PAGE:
Thoughts on Fences?
Did you enjoy it or not?
Is Denzel Washington and Viola Davis deserving of their Oscar nominations?
Check out my video response below:
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“Some people build fences to keep people out and other people build fences to keep people in” Jim Bono
I went into the film screening of Fences without knowing anything about the story line. It’s based on a 1983 pulitzer prize winning play by August Wilson. Upon arriving I discovered that Denzel Washington had directed Fences. He also starred in a successful Broadway revival of the play. A Pulitzer prize winning play adaptation headlined by Denzel Washington and Viola Davis. I had high hopes!
Fences is set in 1950s Pittsburgh. Troy Maxson (Denzel Washington), a waste collector, lives with his wife Rose (Viola Davis) and their son Cory (Jovan Adepo). Lyons (Russell Hornsby) is his first son to a previous marriage. Lyons visits Troy infrequently to borrow money and to persuade his father to visit the nightclub where he plays music. Troy is often accompanied by his best friend and work buddy Jim Bono (Stephen McKinly Henderson). Troy’s older brother Gabe (Mykelti Williamson) is mentally impaired due to World War 2 head injury. Troy used his government payout to purchase the Maxson family home.
Troy is a man full of regrets, resentment yet firm principles and pride. He is angry that he works a menial job and has no money to his name. Troy played baseball for the Negro league. It seems that he never made it to major league due to his age but he blames the color of his skin. He insists on Cory helping him build a fence around the house whilst forbidding him to pursue his dream of professional football.
Cory must focus on his schooling and his part time job. Troy believes that Cory will never make it due to being black. Troy frequently reflects on his tyrannical and violent father and his near death from pneumonia. He claims to have defeated the Grim Reaper in a fist fight, in which the Reaper vowed to return for a rematch.
Fences boasts an excellent adapted screenplay. The script crackles with intense and intelligent dialogue leaving the viewer captivated and wanting to know more. It never strikes a false note and captures the human struggles in each character with honesty and integrity.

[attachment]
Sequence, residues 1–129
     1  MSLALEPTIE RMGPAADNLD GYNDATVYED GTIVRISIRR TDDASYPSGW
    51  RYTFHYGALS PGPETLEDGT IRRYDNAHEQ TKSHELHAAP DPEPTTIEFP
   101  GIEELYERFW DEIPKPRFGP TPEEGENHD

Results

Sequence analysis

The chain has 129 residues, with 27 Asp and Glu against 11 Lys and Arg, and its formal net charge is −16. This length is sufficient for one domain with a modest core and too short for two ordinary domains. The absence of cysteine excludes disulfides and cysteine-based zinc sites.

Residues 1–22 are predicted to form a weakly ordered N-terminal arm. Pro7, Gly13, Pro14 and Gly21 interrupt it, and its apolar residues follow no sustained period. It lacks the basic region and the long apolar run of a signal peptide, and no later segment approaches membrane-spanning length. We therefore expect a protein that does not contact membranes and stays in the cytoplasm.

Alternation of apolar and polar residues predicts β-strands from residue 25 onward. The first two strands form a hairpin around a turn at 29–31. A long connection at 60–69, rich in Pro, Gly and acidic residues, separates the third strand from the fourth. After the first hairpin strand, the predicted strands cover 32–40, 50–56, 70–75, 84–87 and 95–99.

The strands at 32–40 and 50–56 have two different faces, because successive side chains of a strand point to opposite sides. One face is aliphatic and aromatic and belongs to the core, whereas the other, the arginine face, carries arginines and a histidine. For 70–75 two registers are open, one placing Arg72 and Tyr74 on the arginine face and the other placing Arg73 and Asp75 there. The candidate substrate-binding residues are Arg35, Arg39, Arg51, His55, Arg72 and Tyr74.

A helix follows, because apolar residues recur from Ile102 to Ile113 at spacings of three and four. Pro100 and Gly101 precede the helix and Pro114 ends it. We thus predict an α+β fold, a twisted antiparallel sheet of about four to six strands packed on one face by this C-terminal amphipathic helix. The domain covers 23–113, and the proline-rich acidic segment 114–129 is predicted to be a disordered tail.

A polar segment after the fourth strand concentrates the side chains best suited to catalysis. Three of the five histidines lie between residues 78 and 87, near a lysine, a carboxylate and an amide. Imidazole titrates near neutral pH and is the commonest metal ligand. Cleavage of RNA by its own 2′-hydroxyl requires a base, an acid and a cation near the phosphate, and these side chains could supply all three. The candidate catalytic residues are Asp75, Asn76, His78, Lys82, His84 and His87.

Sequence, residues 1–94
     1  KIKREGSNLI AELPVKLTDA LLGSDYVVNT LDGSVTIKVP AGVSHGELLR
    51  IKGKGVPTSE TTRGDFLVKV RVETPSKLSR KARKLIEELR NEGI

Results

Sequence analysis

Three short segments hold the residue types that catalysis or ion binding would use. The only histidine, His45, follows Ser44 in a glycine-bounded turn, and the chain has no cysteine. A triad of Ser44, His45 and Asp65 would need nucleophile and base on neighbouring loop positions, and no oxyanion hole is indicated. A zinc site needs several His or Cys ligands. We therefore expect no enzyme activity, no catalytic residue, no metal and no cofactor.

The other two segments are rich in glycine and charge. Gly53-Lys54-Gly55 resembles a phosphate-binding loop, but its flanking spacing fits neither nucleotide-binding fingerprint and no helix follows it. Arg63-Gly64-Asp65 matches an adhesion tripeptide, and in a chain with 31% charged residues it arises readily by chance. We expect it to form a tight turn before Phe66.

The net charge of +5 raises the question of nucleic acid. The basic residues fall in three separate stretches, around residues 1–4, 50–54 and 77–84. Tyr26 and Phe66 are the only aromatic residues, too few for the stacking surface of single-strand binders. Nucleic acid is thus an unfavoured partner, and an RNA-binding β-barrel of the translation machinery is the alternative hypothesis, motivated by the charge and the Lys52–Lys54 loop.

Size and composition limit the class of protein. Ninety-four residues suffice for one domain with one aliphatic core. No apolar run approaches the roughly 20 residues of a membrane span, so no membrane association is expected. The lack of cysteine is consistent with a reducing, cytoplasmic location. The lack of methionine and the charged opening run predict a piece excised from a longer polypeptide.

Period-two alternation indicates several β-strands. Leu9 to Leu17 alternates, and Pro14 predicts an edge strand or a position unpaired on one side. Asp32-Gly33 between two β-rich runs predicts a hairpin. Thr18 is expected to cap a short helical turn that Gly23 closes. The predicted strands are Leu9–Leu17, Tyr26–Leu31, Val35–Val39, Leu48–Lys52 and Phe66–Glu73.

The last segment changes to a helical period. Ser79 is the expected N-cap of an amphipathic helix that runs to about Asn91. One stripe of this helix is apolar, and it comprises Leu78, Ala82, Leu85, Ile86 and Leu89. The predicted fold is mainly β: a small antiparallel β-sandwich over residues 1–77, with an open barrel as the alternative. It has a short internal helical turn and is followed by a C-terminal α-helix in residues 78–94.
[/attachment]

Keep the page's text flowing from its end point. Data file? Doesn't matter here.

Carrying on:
Washington does a great job with the directing. The majority of the movie is filmed within the parameters of the family home. It stays true to its theatrical origins and this works to the film’s benefit. It adds to the claustrophobic subtext of the narrative.
Washington gives the best performances of his career. His portrayal of Troy is both brave and complex. Troy is a figuratively enormous man. The house becomes an extension of Troy’s personality. He takes up so much space in the house that there is isn’t enough room or air for anyone else. His presence seeps into and overshadows everything. He wants Cory to be everything he is yet everything he isn’t.
The fence that he builds is symbolic of his need for control and to be the King of his domain. The fence aims to keep death out of his zone, yet it also aims to confine his family within its borders. The dichotomy is fascinating. Outside of the house he feels like a washed up nobody yet he also feels the need to retreat from the house in order to escape his responsibilities and feel good. This leads to an affair with another woman.
He takes pride in providing for his family yet he doesn’t provide them with the space, freedom and self expression that they so desperately need. He is a deeply flawed man but his intentions are ultimately good.
Viola Davis gives a stunning performance. Her character develops so beautifully throughout the film. The desire for life that she holds back from her husband and herself is heart breaking. It’s so heartbreaking because she allowed her husband to take up all the space and air in their realm. She finally understands that the big mistake she made was to not demand some room for herself.
The supporting cast is also strong and I believe that Fences will be one of my favourite films of 2017. Washington and Davis deliver powerful monologues that easily make them top contenders for Oscars in 2017.